I've gotten several emails lately from both friends and clients who are feeling stuck. Although everyone's situation is different, what we all have in common when it comes to stuck-ness is a desperation to be unstuck as quickly and easily as possible.
As I struggle to stay interested and awake and curious while we're in Oklahoma City, I'm realizing this is an opportunity to be supremely transparent with you and to share the two things I'm actually doing to combat my own feelings of stuck-ness.
First, I'm having to decide how attached I am to my current stuck-ness. (Hint: We're usually more attached to our crap than we think.) This technique involves asking myself a lot of questions.
How much of my complaining about being in Oklahoma is out of habit? In other words, do I keep complaining about being in Oklahoma because I've always complained about being in Oklahoma?
Has complaining about this place become my shtick?
Do I really want Oklahoma jokes to be my shtick?
Have I accepted and perpetuated this feeling of stuck-ness simply because it's familiar and known and can be performed on autopilot? (Dammit if those well-worn neural pathways don't get me every. single. time.)
In asking myself these questions, I'm immediately reminded of Laura Simms's brilliant blog post, "Why We Create Pain." It's short and perfect; go read it and then come back here. Questioning myself like this isn't meant to be a third-degree sort of situation; it's merely an effort to get below the surface of the behaviors and attitudes that might or might not be serving me (and serving the 'me' I want to be).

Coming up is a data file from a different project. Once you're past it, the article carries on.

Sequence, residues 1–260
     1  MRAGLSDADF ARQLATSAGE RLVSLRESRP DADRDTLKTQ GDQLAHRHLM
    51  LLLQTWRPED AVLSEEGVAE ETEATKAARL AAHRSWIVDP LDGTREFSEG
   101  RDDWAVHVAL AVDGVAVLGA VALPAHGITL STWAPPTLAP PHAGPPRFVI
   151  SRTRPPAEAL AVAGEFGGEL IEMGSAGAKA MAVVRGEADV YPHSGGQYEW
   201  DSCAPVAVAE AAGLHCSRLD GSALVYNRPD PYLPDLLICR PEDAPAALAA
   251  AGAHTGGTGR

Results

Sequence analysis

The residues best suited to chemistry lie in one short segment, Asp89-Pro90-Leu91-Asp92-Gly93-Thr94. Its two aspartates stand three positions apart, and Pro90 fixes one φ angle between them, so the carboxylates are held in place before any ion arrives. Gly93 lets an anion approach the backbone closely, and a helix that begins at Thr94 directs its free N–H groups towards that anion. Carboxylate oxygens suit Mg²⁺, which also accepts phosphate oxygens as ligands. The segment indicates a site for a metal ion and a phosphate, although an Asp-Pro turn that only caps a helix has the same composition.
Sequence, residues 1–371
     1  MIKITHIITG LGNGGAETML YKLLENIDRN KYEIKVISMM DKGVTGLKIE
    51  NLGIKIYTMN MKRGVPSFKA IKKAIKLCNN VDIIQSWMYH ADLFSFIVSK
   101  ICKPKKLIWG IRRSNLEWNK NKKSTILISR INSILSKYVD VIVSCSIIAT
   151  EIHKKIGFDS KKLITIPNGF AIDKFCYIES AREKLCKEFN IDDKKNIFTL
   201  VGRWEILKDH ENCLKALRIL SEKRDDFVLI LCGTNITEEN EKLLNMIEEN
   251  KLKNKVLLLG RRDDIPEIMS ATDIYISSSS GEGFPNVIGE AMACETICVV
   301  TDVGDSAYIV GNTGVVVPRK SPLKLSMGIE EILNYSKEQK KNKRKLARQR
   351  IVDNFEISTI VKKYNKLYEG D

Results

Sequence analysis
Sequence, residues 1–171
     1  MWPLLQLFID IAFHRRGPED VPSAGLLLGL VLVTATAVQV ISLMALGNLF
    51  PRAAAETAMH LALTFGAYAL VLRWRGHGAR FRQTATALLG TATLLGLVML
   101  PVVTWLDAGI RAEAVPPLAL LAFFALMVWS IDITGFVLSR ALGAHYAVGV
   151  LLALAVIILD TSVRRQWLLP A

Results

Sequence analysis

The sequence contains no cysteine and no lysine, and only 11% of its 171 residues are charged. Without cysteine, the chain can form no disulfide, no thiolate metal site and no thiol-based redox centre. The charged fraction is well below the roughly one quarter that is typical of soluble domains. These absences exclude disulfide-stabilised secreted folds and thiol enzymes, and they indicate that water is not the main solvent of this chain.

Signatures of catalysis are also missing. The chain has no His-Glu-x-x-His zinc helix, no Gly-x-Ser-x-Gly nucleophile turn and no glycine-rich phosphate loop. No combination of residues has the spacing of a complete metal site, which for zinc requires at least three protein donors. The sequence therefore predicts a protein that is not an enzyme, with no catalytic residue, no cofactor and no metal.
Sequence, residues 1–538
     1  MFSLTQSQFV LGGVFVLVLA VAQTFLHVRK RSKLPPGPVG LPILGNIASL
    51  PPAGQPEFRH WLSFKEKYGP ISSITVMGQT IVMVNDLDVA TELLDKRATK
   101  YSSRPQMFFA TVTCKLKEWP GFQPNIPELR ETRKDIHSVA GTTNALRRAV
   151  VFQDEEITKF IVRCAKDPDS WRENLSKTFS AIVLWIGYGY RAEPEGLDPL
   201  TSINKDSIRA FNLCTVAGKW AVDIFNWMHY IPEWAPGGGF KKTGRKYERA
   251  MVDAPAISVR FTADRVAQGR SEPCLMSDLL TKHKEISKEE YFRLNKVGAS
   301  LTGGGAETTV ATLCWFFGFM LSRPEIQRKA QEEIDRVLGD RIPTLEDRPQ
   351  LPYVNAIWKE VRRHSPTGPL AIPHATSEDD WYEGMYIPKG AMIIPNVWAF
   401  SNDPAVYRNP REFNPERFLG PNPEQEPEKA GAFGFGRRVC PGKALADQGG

Next, I'm trying to let go of as many expectations as I can. I've found that it's actually my unmet expectation that the people in this city will drive courteously that angers and frustrates me—more so than the reckless driving itself. Once I accept that irresponsible drivers abound on these highways, I cease to be surprised and flattened by all the individual instances of irresponsible driving. Regardless of my strong beliefs about road safety (or anything, for that matter), I'm teaching myself to curb my tendency to translate those beliefs into expectations—particularly expectations that need to be met in order for me to feel good. I can reallocate that energy toward being a useful copilot, predicting which car will swerve next or inexplicably brake; I can also sit back, close my eyes, and let Dana be the excellent defensive driver that he is. Either is better than expecting reality to be something other than what it has already shown itself to be.
So, to summarize:
How attached am I to this stuck-ness, and am I willing to become less attached to it?
Where am I allowing my expectations to run the show, and how can I release them in favor of accepting what actually is?
Are you feeling stuck? Hop over here to request a free 90-minute unsticking session with me. I want to help.
Notes from the week of May 29
READ & NODDED MY HEAD
+ "We are almost always filtering what we say we want through the lens of what we think we can get"
+ "A virtue disguise is something you do that looks good from the outside, but is doing not so great things to your insides. It’s what you hide behind, that looks all noble, or generous, or work ethic-y, but is actually obscuring how you really feel about things, what you know to be true about what you need or want"
+ The Red Cup, a new-to-us coffee house in OKC